Trust Your Parental Instincts.

Even though our daughter began breathing again without assistance, we took her to hospital. At first, the staff thought she seemed fine, this soon proved to be far from the case.

When to go to the doctor or hospital: Quick checklist of symptoms

But trust your own instinct. Even if several of the first symptoms are not present, but your baby seems very unwell: call the doctor.

Symptom Call the Doctor or Take Baby to Hospital

Runny nose


Dry cough




Having diffiulty feeding


Very listless and sleepy


Nostrils flare when breathing


Rapid breathing




Diagphram sinks in when breathing


Blue tinged lips or skin


Stops breathing for up to 10 seconds


What Will Happen If You Take Your Baby To A Doctor

Your doctor will check your baby’s lungs with a stethoscope for signs of infection such as wheezing or crackling and will assess his overall state of health. If your doctor thinks your baby can stay at home, your doctor will advise you on how to make your baby more comfortable until the bronchiolitis has passed. Your doctor might prescribe a bronchodilator inhaler. Bronchodilators relax muscles and open airways but are not always effective for bronchiolitis. Some doctors might prescribe a nebulizer. (See below for more information.)

If your baby is experiencing a lot of difficulty breathing, your doctor is likely to refer him to hospital.

An Oxygen Probe on a Baby's Foot

This photo shows how your baby's oxygen will be monitored.

This photo shows how your baby's oxygen will be monitored.

What Will Happen If You Take Your Baby To Hospital?

  • Almost certainly the first thing that will happen is a doctor will check your baby’s lungs with a stethoscope.
  • The oxygen level in your baby’s blood will be checked. This is done non-invasively and is not painful or harmful. A probe will be attached to your baby’s foot and will look similar to the one in the photograph on the right.
  • If your baby’s oxygen levels are good, he may not need any treatment, but if he already has severe difficulty breathing, some treatment will be necessary.
  • Your baby’s chest may be x-rayed.

Treatments Your Baby May Receive

You may be frightened by thoughts about the treatment your baby will receive. Below are descriptions of some treatments, ranging from those for least serious to most serious. The accompanying photographs are of my daughter when she was still very small and were not taken during bronchiolitis, although in the photograph with the ventilator she was ill.


Giving your baby medication through nebulizer is a common treatment for bronchiolitis. A nebulizer is a machine that creates a fine mist containing droplets of the medicine. This helps to open the airways. You can watch how a nebulizer works in the video below. The second time my daughter was in hospital for bronchiolitis she was given medication through a nebulizer.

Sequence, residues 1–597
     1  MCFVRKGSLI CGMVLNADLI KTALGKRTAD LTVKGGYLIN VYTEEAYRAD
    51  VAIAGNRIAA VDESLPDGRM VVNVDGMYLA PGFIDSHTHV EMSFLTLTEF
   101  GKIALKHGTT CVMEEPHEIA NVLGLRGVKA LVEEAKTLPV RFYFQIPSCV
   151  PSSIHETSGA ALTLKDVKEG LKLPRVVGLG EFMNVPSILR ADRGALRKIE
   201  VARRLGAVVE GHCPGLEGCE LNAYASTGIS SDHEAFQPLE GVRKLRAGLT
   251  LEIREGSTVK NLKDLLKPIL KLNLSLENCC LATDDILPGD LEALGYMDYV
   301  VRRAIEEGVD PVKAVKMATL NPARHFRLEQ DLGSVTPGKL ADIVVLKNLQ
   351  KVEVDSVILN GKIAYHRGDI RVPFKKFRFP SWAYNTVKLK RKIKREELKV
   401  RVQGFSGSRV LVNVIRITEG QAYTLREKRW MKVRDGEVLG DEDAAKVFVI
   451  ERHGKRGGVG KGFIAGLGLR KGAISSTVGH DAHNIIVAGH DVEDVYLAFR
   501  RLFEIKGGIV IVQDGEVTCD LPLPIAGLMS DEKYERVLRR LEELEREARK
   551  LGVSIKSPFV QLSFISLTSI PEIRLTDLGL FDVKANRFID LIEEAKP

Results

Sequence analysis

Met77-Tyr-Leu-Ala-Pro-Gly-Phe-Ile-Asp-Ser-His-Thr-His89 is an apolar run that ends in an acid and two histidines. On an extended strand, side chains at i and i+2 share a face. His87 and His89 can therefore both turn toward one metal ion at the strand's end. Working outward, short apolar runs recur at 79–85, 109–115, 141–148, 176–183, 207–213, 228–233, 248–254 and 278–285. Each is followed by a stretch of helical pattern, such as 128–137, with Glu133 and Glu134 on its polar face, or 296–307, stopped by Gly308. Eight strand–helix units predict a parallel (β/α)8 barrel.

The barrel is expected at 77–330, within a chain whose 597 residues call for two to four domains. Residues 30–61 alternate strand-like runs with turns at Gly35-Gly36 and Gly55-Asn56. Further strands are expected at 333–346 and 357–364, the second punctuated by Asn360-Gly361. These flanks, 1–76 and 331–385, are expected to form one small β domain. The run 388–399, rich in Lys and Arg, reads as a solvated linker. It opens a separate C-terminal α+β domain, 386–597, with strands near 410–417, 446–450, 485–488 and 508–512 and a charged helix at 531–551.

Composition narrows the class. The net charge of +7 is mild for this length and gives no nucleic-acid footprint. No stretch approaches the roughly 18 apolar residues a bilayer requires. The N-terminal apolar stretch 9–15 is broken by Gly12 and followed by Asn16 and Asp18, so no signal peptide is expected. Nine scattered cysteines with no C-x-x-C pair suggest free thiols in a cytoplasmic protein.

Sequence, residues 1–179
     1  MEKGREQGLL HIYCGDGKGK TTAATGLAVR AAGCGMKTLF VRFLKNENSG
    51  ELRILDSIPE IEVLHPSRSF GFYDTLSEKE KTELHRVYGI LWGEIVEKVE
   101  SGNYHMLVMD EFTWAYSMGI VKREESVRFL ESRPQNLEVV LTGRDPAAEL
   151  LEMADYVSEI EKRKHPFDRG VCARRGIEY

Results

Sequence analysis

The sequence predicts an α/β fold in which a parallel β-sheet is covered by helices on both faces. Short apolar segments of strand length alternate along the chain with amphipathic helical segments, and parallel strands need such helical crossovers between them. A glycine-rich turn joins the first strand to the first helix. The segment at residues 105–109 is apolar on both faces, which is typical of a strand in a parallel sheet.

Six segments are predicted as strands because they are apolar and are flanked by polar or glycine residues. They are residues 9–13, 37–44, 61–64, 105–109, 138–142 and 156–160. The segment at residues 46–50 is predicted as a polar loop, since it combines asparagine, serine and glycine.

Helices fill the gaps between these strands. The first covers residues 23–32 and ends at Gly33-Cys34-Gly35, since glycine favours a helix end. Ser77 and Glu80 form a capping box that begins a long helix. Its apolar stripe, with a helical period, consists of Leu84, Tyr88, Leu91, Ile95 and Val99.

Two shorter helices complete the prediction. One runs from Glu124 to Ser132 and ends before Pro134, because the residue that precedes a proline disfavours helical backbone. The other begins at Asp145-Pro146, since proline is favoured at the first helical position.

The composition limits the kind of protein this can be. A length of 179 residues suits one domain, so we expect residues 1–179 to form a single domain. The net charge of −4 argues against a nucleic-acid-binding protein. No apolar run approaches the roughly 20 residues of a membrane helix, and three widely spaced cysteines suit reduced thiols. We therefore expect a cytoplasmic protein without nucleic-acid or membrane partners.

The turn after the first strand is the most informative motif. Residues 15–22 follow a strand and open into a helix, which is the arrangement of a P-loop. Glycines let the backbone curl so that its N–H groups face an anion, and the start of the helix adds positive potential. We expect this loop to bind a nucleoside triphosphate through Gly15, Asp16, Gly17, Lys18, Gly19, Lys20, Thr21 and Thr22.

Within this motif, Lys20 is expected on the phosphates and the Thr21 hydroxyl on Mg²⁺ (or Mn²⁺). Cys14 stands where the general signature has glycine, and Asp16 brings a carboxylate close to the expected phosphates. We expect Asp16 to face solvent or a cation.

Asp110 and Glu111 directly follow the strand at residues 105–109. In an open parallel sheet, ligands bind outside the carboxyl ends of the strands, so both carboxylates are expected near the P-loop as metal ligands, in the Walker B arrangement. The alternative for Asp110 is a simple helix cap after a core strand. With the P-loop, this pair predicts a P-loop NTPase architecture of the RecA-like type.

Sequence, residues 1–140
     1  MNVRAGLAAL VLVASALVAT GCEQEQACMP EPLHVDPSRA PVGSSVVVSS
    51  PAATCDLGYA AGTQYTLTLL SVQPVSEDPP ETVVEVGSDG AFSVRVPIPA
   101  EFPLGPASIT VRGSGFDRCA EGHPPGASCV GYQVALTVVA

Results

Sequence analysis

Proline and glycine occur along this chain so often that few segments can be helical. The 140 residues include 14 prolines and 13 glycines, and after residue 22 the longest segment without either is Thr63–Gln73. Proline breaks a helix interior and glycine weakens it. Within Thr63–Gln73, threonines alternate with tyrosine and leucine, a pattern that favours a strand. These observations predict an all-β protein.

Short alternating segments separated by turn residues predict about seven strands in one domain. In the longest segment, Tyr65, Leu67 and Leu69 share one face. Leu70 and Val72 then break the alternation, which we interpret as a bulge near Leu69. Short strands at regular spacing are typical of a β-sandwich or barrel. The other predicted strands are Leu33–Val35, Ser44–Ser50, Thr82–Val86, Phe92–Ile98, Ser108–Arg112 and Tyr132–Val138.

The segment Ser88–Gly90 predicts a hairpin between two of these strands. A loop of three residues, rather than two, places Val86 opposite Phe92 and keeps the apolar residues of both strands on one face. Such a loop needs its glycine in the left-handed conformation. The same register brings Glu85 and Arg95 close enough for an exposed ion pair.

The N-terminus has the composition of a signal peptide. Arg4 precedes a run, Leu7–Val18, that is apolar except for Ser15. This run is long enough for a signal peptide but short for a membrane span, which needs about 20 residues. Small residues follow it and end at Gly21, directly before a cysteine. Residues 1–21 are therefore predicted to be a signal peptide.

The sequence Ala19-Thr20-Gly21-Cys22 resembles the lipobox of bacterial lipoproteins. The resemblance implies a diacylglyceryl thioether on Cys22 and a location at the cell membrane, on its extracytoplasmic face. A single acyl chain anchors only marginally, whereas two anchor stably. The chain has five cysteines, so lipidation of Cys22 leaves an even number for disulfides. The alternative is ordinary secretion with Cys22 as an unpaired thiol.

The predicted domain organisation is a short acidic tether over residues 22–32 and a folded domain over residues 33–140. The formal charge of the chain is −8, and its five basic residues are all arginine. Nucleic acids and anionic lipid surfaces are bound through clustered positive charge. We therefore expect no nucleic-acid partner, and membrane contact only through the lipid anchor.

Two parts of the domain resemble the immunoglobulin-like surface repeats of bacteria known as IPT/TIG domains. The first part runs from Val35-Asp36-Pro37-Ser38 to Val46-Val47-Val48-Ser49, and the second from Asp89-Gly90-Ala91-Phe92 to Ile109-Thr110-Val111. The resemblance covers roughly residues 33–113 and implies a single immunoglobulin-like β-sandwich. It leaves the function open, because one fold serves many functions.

If your baby does not need oxygen you may be given a nebulizer to use at home. This will depend on the policy of your hospital.

This video shows how to use a nebulizer

A baby on oxygen

This baby receives oxygen through nasal prongs taped to her face. On admittance to hospital it is more likely a mask will be used instead.

This baby receives oxygen through nasal prongs taped to her face. On admittance to hospital it is more likely a mask will be used instead.


Often, the first treatment a baby will be given is oxygen. There are several ways to administer oxygen: using a mask, by oxygen prongs or by placing an oxygen headbox over the baby’s head. In the first instance, your baby’s oxygen will most likely be administered by mask.

You can see a baby with oxygen prongs in the photo below.


If your baby is very ill and does not respond to oxygen alone, the next treatment likely to be used is a CPAP machine. CPAP stands for continuous positive airway pressure: it uses air pressure to stop airways from collapsing. This means your baby does not have to work so hard to breathe.

The photograph below is of a baby on CPAP. As you can see it is still possible to hold your baby.

This photo shows a very premature baby on CPAP.

This photo shows a very premature baby on CPAP.


If your baby is still not able to breathe with a CPAP machine, then she will be placed on a ventilator. This does the breathing for the baby. If your baby needs a ventilator she will be transferred to an intensive care unit and may be sedated. It can be very frightening to see your baby on a ventilator, but even if this happens she is likely to recover well. That first time our daughter had bronchiolitis she needed a ventilator for 9 days.

Although in the photograph below I am holding my daughter, when she was severely ill with bronchiolitis this was not possible. Like her, if your baby needs ventilating, she is likely to be in an intensive care cot or crib and will be monitored carefully. She will also need to be fed through a tube or by given a drip.

Sometimes nurses also needed to remove the excess mucus from my daughter's lungs when she was very ill. This meant suctioning off the mucus by use of a long tube. To do that they had to take her off the ventilator, and so they also performed a procedure known as "hand bagging" that means manually ventilating the lungs. Only seriously ill babies will require this treatment.

This photo shows a very premature baby on a ventilator.

This photo shows a very premature baby on a ventilator.

Bronchiolitis Can Escalate Rapidly

Sometimes the condition of babies with bronchiolitis can deteriorate very rapidly and this is what happened to our daughter. When we brought her to the hospital she was breathing unaided, and her color looked fine, so the staff were not unduly concerned. When a nurse checked oxygen saturation, she at first thought the monitor must be wrong because the level was so low. Our daughter was then given oxygen and her saturation increased. But by the time doctors had taken a chest x-ray, she needed a CPAP machine and about an hour later was on the ventilator and 80% oxygen. (Air is 21% oxygen.) Even so, after 9 days in intensive care, she was well enough to return to a children’s ward and after 4 weeks in hospital she came home.